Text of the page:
How cold is too cold to bathe a horse depends upon several factors including whether you have only cold or hot water available, whether you have the appropriate equipment for a cold weather bath, and the overall health of your horse.
A healthy horse should be able to handle a bath with no special treatment into the 50's. Generally, unless we have a show or demo we try not to bath horses in temperatures below the upper 60's. Healthy, cooled out (not overheated from exercise) horses can be bathed into freezing temperatures if you ensure they stay warm throughout the bathing process and until they are completely dry.
For a winter bath, use the hottest water you have access too that is still tolerable for your horse. Hot water cleans better and dries faster. If you only have access to cold water, it's best to work as quickly as you can- preferably with a helper so you can soap and scrape the horse twice as fast. It's important to scrape thoroughly after a bath- preferably with a rubber edged scraper as they will conform to the skin and remove more water.
After you've rinsed thoroughly and scraped well, the procedures are the same for drying out whether you were able to use hot or cold water: Use old towels or any scrap fabric to towel dry as much moisture off the body and legs as you can. Next lay a few old towels across the horse's back, then carefully place a (preferably irish knit) cooler over the horses back and cover with a Personalized Full Body Cooler if possible. DO NO BLANKET at this point. Use only breathable fabrics and use only water absorbing fabrics close to the skin.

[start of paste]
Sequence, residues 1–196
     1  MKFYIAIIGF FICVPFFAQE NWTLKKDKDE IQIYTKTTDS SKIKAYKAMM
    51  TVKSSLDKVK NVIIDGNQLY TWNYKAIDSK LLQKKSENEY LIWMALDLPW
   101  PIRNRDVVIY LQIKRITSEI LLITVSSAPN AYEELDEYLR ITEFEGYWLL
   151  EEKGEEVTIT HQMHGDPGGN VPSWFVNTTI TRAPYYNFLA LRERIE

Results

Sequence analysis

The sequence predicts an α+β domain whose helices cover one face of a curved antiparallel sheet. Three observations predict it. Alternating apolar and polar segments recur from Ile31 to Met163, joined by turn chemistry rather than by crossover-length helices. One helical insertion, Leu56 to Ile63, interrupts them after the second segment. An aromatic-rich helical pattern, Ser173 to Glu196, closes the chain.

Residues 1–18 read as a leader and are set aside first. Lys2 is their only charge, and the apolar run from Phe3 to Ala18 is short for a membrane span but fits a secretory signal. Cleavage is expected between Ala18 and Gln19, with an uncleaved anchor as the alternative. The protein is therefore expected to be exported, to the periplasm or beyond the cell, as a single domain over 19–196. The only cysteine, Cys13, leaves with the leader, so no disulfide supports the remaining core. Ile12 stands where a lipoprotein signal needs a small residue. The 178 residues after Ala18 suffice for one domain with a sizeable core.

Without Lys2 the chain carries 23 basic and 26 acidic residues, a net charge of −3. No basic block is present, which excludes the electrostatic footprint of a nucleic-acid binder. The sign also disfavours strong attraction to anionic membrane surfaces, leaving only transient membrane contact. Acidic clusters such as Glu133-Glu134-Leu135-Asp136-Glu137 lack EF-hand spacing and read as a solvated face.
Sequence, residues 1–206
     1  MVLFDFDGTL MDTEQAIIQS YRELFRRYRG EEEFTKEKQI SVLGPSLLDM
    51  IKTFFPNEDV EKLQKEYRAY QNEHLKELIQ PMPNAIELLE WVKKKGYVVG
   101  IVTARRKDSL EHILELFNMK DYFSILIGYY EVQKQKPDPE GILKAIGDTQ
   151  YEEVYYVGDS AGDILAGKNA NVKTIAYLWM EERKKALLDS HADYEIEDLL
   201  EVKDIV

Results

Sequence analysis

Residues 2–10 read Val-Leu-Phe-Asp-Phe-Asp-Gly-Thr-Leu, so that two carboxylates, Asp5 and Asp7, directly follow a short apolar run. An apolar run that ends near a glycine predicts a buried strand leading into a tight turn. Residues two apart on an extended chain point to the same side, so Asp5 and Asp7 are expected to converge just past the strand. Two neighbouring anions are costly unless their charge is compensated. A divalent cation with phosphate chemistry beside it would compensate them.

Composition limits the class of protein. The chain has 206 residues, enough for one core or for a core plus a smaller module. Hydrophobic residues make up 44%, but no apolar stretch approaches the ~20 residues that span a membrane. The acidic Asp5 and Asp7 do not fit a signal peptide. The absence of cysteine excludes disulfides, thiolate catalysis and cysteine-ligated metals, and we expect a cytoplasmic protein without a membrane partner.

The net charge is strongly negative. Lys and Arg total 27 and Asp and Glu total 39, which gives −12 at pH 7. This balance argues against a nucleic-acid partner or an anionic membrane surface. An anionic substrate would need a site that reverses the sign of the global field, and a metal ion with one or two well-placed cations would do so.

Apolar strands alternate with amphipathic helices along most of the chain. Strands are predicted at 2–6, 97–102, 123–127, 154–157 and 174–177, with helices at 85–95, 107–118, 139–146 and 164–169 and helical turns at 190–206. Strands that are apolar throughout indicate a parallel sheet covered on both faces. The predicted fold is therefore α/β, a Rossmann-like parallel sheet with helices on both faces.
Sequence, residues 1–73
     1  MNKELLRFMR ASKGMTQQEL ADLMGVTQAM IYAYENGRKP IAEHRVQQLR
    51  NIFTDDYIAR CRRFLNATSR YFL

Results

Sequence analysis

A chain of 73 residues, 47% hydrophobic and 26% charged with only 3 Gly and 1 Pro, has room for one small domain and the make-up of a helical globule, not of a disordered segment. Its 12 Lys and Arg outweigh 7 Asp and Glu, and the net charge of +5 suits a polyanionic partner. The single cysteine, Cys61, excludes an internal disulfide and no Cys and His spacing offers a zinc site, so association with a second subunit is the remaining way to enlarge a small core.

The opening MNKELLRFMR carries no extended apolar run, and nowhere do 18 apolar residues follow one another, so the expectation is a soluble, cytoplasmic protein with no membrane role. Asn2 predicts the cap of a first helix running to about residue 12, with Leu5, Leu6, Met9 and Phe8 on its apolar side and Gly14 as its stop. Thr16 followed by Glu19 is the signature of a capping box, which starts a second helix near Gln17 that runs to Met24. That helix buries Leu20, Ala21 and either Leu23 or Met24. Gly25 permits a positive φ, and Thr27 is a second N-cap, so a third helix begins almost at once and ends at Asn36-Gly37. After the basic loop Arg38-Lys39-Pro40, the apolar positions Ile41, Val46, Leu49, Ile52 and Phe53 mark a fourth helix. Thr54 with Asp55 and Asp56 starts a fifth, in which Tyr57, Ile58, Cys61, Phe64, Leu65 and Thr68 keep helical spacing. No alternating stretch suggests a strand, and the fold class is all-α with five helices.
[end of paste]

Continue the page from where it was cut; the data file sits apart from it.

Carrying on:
Once blanketed, walk your horse around in the warmest area you have access to- an indoor arena, up and down a barn aisle, or even just up and down an windbreak outside. After 10 or 15 minutes, remove the towels under the blankets. The towels should be damp and will expose the dry irish knit to the skin to absorb more. Your horse doesn't need to walk constantly during the drying process, but should not be allowed to become chilled. In very cold temperatures, tie your horse near a hay bag so they can reap the warming benefits of chewing and digestion.
Depending on the thickness of your horses winter coat, drying will take anywhere from 1 hour to several hours. Do not leave your horse unattended until when you ruffle his coat, you can feel that the hair next to the skin is dry.